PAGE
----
8 Applied calculus of variations for engineers
Here the newly introduced second variation is
δI
2
=
2
2
x
1
x
0
(η
2
(x)
2
f(x, y, y
)
∂y
2
+
2η(x)η
(x)
2
f(x, y, y
)
∂y∂y
+
η
2
(x)
2
f(x, y, y
)
∂y
2
)dx.
We now possess all the components to test for the existence of the extremum
(maximum or minimum). The Legendre test in [7] states that if indepen-
dently of the choice of the auxiliary η(x) function
- the Euler-Lagrange equation is satisfied,
- the first variation vanishes (δI
1
=0),and
- the second variation does not vanish (δI
2
=0)
over the interval of integration, then the functional has an extremum. This
test manifests the necessary conditions for the existence of the extremum.
Specifically, the extremum will be a maximum if the second variation is neg-
ative, and conversely a minimum if it is positive. Certain similarities to the
extremum evaluation of regular functions by the teaching of classical calculus
are obvious.
We finally introduce the variation of the function as
δy = Y (x) y(x)=η(x),
and the variation of the derivative as
δy
= Y
(x) y
(x)=η
(x).
Based on these variations, we distinguish between the following cases:
- strong extremum occurs when δy is small, however, δy
is large, while
- weak extremum occurs when both δy and δy
are small.
On a final note: the above considerations did not ever state the finding or
presence of an absolute extremum; only the local extremum in the interval of
the integrand is obtained.
The foundations of calculus of variations 9
1.3 The Euler-Lagrange differential equation
Let us expand the derivative in the second term of the Euler-Lagrange differ-
ential equation as follows:
d
dx
∂f
∂y
=
2
f
∂x∂y
+
2
f
∂y∂y
y
+
2
f
∂y
2
y

.
This demonstrates that the Euler-Lagrange equation is usually of second or-
der.
∂f
∂y
2
f
∂x∂y
2
f
∂y∂y
y
2
f
∂y
2
y

=0.
The above form is also called the extended form. Consider the case when the
multiplier of the second derivative term vanishes:
2
f
∂y
2
=0.
In this case f must be a linear function of y
,intheformof
f(x, y, y
)=p(x, y)+q(x, y)y
.
For this form, the other derivatives of the equation are computed as
∂f
∂y
=
∂p
∂y
+
∂q
∂y
y
,
∂f
∂y
= q,
2
f
∂x∂y
=
∂q
∂x
,
and
2
f
∂y∂y
=
∂q
∂y
.
Substituting results in the Euler-Lagrange differential equation of the form
∂p
∂y
∂q
∂x
=0,
or
∂p
∂y
=
∂q
∂x
.
In order to have a solution, this must be an identity, in which case there must
be a function of two variables
u(x, y)
10 Applied calculus of variations for engineers
whose total differential is of the form
du = p(x, y)dx + q(x, y)dy = f(x, y, y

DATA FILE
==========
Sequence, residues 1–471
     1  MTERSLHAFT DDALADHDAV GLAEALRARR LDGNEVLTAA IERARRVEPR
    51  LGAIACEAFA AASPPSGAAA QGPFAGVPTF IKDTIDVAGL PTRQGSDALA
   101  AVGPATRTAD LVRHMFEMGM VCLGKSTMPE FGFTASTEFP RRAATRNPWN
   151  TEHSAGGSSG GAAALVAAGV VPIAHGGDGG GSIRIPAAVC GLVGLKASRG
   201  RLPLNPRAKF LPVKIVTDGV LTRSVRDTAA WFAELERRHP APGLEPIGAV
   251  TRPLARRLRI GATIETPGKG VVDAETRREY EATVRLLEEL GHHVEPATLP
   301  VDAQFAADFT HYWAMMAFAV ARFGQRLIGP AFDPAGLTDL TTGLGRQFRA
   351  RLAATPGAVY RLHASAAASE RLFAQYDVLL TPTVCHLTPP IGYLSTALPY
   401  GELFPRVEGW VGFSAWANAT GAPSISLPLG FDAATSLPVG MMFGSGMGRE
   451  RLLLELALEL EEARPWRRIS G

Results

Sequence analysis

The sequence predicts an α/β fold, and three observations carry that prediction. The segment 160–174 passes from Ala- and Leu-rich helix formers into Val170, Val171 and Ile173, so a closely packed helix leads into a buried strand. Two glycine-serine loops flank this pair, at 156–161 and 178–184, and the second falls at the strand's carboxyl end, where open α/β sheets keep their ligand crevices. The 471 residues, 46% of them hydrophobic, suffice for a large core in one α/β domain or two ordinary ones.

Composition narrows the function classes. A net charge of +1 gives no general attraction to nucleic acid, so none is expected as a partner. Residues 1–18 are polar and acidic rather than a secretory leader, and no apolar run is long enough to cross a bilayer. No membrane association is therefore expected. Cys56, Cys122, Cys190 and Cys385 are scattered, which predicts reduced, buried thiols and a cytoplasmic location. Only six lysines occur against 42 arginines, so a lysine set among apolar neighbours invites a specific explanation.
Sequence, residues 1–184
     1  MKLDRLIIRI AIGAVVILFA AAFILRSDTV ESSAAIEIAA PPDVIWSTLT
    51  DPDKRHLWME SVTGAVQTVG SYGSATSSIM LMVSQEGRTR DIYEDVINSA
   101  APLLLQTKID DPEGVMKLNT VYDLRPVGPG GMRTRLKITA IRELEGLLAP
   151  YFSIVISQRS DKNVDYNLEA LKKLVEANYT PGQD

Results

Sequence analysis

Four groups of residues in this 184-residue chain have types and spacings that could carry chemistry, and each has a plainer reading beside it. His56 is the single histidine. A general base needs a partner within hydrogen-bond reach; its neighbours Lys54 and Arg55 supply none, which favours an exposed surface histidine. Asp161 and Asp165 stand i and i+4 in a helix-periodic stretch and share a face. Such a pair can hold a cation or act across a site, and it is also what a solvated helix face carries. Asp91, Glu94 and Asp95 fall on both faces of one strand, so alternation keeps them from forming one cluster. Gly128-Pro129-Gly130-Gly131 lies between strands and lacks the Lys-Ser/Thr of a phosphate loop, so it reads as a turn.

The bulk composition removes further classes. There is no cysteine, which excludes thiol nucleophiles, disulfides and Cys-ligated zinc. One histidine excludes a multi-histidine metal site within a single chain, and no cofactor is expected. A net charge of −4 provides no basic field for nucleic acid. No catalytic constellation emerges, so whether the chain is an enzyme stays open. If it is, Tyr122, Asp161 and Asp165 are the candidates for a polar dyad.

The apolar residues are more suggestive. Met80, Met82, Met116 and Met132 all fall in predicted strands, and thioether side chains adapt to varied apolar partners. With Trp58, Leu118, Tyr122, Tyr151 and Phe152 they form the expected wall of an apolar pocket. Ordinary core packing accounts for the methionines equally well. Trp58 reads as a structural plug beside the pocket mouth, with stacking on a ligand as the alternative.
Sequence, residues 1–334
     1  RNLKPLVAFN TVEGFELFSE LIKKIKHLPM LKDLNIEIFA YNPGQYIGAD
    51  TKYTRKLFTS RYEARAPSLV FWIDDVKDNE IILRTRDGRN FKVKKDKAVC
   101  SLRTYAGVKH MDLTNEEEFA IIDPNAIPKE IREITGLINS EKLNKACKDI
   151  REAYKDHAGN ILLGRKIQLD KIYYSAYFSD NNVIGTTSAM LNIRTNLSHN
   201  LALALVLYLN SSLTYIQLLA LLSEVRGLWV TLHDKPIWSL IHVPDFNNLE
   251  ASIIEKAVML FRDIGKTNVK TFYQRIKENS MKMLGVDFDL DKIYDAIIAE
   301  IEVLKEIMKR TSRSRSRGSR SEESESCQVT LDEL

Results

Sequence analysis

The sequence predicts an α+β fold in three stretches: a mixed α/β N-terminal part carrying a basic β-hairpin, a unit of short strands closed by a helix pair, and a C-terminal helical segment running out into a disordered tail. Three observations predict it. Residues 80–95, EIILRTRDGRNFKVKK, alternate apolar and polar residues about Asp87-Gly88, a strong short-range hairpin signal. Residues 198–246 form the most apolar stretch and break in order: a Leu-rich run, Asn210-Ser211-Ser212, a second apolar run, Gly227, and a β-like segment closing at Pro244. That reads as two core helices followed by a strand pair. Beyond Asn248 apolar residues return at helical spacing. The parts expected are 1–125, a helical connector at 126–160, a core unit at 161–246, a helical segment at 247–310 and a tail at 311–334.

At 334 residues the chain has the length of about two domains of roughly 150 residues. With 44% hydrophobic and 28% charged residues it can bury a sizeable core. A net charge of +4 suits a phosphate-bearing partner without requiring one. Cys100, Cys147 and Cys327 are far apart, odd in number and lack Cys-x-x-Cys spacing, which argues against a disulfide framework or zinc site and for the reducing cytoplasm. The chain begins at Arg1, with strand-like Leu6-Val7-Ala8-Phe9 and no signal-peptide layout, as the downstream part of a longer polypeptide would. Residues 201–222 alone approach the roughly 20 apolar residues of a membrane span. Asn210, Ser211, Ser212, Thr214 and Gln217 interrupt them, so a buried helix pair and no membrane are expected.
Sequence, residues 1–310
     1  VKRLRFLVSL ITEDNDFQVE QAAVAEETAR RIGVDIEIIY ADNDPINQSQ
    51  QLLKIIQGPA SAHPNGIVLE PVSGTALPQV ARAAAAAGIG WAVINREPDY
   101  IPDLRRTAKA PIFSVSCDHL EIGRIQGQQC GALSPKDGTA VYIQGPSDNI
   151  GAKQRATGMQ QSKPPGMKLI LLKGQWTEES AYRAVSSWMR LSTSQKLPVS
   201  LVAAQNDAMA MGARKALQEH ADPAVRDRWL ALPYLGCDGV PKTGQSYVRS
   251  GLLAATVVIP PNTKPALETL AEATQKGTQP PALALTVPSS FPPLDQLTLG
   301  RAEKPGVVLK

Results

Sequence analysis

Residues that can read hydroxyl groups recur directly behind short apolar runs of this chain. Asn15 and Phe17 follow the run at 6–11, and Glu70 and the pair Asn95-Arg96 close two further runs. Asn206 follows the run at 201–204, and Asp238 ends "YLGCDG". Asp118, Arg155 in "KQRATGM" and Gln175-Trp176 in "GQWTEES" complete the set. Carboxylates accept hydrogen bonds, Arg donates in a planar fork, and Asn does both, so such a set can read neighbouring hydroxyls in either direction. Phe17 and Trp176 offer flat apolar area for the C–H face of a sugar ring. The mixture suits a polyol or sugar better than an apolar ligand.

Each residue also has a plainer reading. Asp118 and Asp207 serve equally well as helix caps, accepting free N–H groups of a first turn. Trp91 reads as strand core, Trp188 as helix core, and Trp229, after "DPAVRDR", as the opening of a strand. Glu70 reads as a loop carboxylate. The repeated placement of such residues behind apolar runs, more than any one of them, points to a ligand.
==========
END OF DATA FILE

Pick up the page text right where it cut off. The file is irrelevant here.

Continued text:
)dx.
The functional may be evaluated as
I(y)=
x
1
x
0
f(x, y, y
)dx =
x
1
x
0
du = u(x
1
,y
1
) u(x
0
,y
0
).
It follows from this that the necessary and sufficient condition for the solu-
tion of the Euler-Lagrange differential equation is that the integrand of the
functional be the total differential with respect to x of a certain function of
both x and y.
Considering furthermore, that the Euler-Lagrange differential equation is
linear with respect to f , it also follows that a term added to f will not change
the necessity and sufficiency of that condition.
Another special case may be worthy of consideration. Let us assume that
the integrand does not explicitly contain the x term. Then by executing the
differentiations
d
dx
(y
∂f
∂y
f)=
y
d
dx
∂f
∂y
∂f
∂x
∂f
∂y
y
=
y
(
d
dx
∂f
∂y
∂f
∂y
)
∂f
∂x
.
With the last term vanishing in this case, the differential equation simplifies to
d
dx
(y
∂f
∂y
f)=0.
Its consequence is the expression also known as Beltrami’s formula:
y
∂f
∂y
f = c
1
, (1.1)
where the right-hand side term is an integration constant. The classical prob-
lem of the brachistochrone, discussed in the next section, belongs to this class.
Finally, it is also often the case that the integrand does not contain the y
term explicitly. Then
∂f
∂y
=0
The foundations of calculus of variations 11
and the differential equation has the simpler
d
dx
∂f
∂y
=0
form. As above, the result is
∂f
∂y
= c
2
where c
2
is another integration constant. The geodesic problems, also the
subject of Chapter 8, represent this type of Euler-Lagrange equations.
We can surmise that the Euler-Lagrange differential equation’s general so-
lution is of the form
y = y(x, c
1
,c
2
),
where the c
1
,c
2
are constants of integration, and are solved from the bound-
ary conditions
y
0
= y(x
0
,c
1
,c
2
)
and
y
1
= y(x
1
,c
1
,c
2
).
1.4 Application: minimal path problems
This section deals with several classical problems to illustrate the methodol-
ogy. The problem of finding the minimal path between two points in space
will be addressed in different senses.
The first problem is simple geometry, the shortest geometric distance be-
tween the points. The second one is the well-known classical problem of the
brachistochrone, originally posed and solved by Bernoulli. This is the path
of the shortest time required to move from one point to the other under the
force of gravity.
The third problem considers a minimal path in an optical sense and leads
to Snell’s law of reflection in optics. The fourth example finds the path of
minimal kinetic energy of a particle moving under the force of gravity.
All four problems will be presented in two-dimensional space, although they
may also be posed and solved in three dimensions with some more algebraic
difficulty but without any additional instructional benefit.

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